Thursday, October 9, 2008

Review: Little House on the Prairie by Laura Ingalls Wilder

rating: 4/5
genre: historical fiction/autobiography

Laura and her family have left their home in the big woods of Wisconsin. They have packed everything they own into a covered wagon and set off across the prairie into Kansas Territory. Each chapter gives us a glimpse into the daily lives and efforts of a prairie settler - as they stake their claim and build their house, dig their well, plant their garden, the story becomes almost a text book during these chapters. I worried that my 8 and nearly 6 year old would be bored by these more informative chapters, but they ate it up! We learned so much about life before electric lights and cars and hospitals. Laura's story transports you to a time where wolves are literally howling at your door and the food you eat is grown by the sweat of your own brow.

The story is told with plain but descriptive language - very accessible for younger listeners (and readers, I'd assume). Her timeless descriptions of the views and sounds of the prarie are almost poetic. Sometimes things get a bit long winded, but then again, this isn't a story with a heady plot. It is a story, however, with intense moments that really illustrate how much the Ingalls family depended on the mercy of mother nature and on the grace of the Indians whose homeland they were settling.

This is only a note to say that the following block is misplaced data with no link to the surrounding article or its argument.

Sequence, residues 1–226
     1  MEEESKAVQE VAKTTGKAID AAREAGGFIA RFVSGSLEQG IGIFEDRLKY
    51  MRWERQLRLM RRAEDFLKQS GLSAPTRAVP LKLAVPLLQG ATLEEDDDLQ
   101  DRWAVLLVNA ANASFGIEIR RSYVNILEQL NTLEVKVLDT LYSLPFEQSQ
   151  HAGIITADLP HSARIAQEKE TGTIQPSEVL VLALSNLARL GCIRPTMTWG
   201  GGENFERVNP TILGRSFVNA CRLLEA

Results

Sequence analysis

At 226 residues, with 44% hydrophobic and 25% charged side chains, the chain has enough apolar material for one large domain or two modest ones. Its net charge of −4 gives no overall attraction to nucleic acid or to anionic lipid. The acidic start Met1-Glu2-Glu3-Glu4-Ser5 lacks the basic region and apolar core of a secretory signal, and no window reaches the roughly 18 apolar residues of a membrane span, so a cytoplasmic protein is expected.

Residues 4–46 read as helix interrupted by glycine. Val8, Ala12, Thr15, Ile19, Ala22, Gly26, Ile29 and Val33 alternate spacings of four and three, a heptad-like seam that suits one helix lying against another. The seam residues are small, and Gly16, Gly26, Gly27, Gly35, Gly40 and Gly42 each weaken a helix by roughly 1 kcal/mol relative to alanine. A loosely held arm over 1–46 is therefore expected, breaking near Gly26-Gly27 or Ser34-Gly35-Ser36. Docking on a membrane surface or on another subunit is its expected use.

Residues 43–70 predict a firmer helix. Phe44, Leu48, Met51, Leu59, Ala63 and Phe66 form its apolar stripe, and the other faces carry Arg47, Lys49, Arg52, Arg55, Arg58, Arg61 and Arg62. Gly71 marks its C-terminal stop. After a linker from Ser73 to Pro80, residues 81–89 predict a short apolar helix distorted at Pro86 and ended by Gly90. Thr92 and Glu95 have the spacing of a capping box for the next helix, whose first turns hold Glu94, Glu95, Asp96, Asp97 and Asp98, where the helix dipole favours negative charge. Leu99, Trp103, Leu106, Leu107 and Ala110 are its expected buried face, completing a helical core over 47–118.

And yes, in this book, Native Americans are called Indians. They are also frequently called "savages," which is probably the reason why this book was banned. For me, I initially hesitated to actually read those parts aloud. Then I realized that the book was portraying the feelings of Pa and Ma and their neighbors at the time, and while I obviously do not agree with those feelings, they are historically accurate and a springboard for discussion about racism and history. My kids and I had an interesting talk about Native Americans and what was happening to them during this time period.

It took us a long time to get through this book. We savored each chapter and one was usually enough for each night - and if I ever mentioned setting it aside for a while and reading something lighter, the kids never took me up on it. And at the end (I won't spoil it for you), I could tell by their expressions that my children felt the same way I did: sorry it was over.


Anonymous said...

I loved that book as a child.

couplabz said...

All of the Little House books were some of my favorite books as a teenager. I also loved the TV show. It is CRAZY that this book was banned.

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